How is it applied?
Enforcing the EU Timber Regulation (EUTR)
The EUTR is binding in every EU country, but how is it enforced and by whom? Find out below and don’t forget to consult the Guidance Document for more information.
The legislator in your country lays out ‘effective, proportionate and dissuasive’ penalties to ensure compliance.
Remember, the EUTR does not have retroactive effect, meaning that it only applies to wood and wood products placed on the market on and after 3 March 2013.
Find out about the penalties in your country by contacting your competent authority.
A competent authority in your country coordinates the application of the Regulation.
Competent authorities carry out checks on operators and monitoring organisations.
Find your competent authority here.
Monitoring organisations across the EU develop due diligence systems which, as an operator, you may use to ensure that you are complying with the EUTR. However, you may also opt to develop your own system.
How can your business implement the Regulation? More on ‘due diligence’
How should your business prepare to comply with the EUTR? Once you have established whether you are an operator or a trader, you take clear steps.
If you are a trader then you simply need to keep information on the business that you buy timber products from and those you sell to.
If you are an operator you have more responsibility. You must exercise due diligence to make sure timber in your products has been legally harvested.
You must use a due diligence system containing the following elements:
Information: You must have access to the following information on their timber:
- description (including the trade name, type of product and common name/full scientific name of species);
- country of harvest (and, if applicable, region of harvest, as well as the concession of harvest – i.e. any arrangement conferring the right to harvest timber in a defined area);
- quantity (expressed in volume, weight or number of units);
- name and address of the supplier to the operator;
- name and address of the buyer (trader) who purchases the timber;
- documents or other information indicating compliance of the timber and timber products with the applicable legislation. For some concrete examples of what counts as ‘documents or other information’, please see section 4 of the Guidance Document.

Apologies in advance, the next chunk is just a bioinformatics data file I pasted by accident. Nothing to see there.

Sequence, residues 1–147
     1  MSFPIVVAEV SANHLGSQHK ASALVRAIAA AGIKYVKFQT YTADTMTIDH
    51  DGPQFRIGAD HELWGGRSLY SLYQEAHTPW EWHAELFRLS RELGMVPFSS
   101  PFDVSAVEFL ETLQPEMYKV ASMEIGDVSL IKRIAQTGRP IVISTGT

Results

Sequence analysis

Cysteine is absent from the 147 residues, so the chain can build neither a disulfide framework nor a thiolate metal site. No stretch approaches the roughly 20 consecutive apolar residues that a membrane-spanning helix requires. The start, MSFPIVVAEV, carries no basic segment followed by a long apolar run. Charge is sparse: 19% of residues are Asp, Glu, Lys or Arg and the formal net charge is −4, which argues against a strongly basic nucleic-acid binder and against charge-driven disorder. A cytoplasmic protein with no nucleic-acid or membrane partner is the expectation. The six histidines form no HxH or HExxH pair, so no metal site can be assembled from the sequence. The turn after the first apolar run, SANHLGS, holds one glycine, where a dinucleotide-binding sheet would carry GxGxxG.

Risk assessment: You must analyse and evaluate the risk that the timber you are dealing in is illegally harvested. When making this assessment, investigate the wood you are dealing in using the following criteria:
- assurance of compliance with applicable legislation, which may include certification or other third-party-verified schemes which cover compliance with applicable legislation;
- prevalence of illegal harvesting of specific tree species;
- prevalence of illegal harvesting or practices in the country of harvest and/or sub-national region where the timber was harvested, including consideration of the prevalence of armed conflict;
- sanctions imposed by the UN Security Council or the Council of the European Union on timber imports or exports;
- complexity of the supply chain of timber and timber products.
Please see the Guidance Document for more detailed information.
Risk mitigation: If you are not satisfied that the risk of placing illegally harvested timber on the market is negligible, you must take action by implementing risk mitigation measures. These may include:
- requiring additional information from your suppliers;
- requiring additional documents from your suppliers;
- requiring third party verification, etc.